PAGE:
Announces that the poem has been found, and he sends it with two other pieces [not included] 'about which [they] hesitated when [they] were looking thro' the papers'. States that he thinks that 'the prose fragment 'about "friends" is the most interesting: the Oma[r] [Khayam] verses next: and the Iphig[enia] least.' Remarks that one difficulty is that there is no special place in the book [Henry Sidgwick, a memoir to put the above, and suggests that they have 'a small print addendum, containing those three, avowedly as fragments....' Encloses a note for [ ] S. [not included].

Sidgwick, Arthur (1840–1920), educationist and classical scholar

Letter from Alice Johnson to Nora Sidgwick

Discusses the proofs of chapters two, three and four of Henry Sidgwick: A Memoir, which she is reading a second time. States that she feels very strongly against cutting this part of the book down at all, as she believes that there is 'practically nothing...that one would not be very sorry to miss from it.' Refers to its 'interest and charm', and to Henry's sincerity and courage, as well as to 'his refusal to be satisfied either with a materialistic or merely abstract theory.' Estimates that the complete book would constitute 'two not very big volumes', and compares this to the size of other biographies, e.g., Tennyson's, J.A. Symond's, V[ ]'s letters, and Colvin's Letters of R[obert] L[ouis] S[tevenson]. Declares that the great variety of topics in the book will make it more interesting to more people. Adds that in reading the proofs she has marked things she thought to be misprints, and refers to some inconsistencies and inaccuracies. States that she is very anxious for a reference to Henry's letter 'about In Memoriam in Tennyson's Life' to be brought in somewhere in the work, and also that the account he wrote in Archbishop Benson's Life about his school days will also be included. Refers to Henry's interest in others, and in particular to a letter he wrote to her after her Tripos. Undertakes to try to send off the proofs of the second chapter the following morning.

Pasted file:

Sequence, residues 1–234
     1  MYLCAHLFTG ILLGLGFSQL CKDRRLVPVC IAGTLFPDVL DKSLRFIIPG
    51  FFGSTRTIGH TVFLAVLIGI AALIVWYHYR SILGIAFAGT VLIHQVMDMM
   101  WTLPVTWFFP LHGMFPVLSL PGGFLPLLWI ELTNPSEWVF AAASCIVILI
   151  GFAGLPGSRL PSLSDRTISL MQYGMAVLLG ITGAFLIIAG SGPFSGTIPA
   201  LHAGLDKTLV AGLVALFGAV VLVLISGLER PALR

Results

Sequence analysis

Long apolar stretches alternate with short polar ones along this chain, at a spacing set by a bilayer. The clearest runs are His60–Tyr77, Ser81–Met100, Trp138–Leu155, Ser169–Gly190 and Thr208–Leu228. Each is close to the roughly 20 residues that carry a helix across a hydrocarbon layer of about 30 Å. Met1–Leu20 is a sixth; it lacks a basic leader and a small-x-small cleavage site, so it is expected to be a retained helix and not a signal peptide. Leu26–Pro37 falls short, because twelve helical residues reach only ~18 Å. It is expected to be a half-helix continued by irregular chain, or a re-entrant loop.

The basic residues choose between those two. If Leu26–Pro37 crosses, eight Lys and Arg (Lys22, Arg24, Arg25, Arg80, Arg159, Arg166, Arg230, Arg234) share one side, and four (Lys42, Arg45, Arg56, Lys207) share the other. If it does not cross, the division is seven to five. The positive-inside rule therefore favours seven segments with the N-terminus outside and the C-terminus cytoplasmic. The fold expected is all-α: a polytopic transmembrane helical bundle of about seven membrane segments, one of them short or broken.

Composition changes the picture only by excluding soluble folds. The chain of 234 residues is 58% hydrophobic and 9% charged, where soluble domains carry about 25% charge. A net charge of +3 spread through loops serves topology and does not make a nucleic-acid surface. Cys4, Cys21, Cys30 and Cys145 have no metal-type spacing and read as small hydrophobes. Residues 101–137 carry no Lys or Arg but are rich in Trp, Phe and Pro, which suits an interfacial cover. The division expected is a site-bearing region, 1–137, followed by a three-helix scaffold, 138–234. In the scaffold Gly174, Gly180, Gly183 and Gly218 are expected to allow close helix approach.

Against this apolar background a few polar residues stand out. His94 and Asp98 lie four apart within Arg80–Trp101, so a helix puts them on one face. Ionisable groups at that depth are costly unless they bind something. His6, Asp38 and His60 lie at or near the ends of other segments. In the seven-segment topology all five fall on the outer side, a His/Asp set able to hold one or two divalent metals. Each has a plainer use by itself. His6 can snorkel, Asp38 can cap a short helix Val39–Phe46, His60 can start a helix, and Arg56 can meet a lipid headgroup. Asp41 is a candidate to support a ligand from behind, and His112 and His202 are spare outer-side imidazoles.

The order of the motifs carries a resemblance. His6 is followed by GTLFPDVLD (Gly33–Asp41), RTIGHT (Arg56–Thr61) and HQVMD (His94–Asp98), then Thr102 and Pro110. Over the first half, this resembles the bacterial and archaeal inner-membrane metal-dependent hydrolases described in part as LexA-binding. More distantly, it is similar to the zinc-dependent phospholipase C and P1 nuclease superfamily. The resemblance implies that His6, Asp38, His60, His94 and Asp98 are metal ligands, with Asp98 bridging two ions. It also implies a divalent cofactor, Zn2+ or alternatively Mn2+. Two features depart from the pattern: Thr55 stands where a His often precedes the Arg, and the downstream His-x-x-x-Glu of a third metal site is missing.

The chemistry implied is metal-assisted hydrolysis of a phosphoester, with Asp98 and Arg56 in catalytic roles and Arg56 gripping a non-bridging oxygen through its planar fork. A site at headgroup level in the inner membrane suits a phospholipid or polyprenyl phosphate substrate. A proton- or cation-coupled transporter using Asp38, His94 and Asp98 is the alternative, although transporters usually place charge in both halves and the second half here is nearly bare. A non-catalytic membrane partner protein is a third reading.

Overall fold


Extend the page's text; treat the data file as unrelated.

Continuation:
Johnson, Alice (1860-1940) zoologist, psychical researcher

Letter from Mary C Malvin to Nora Sidgwick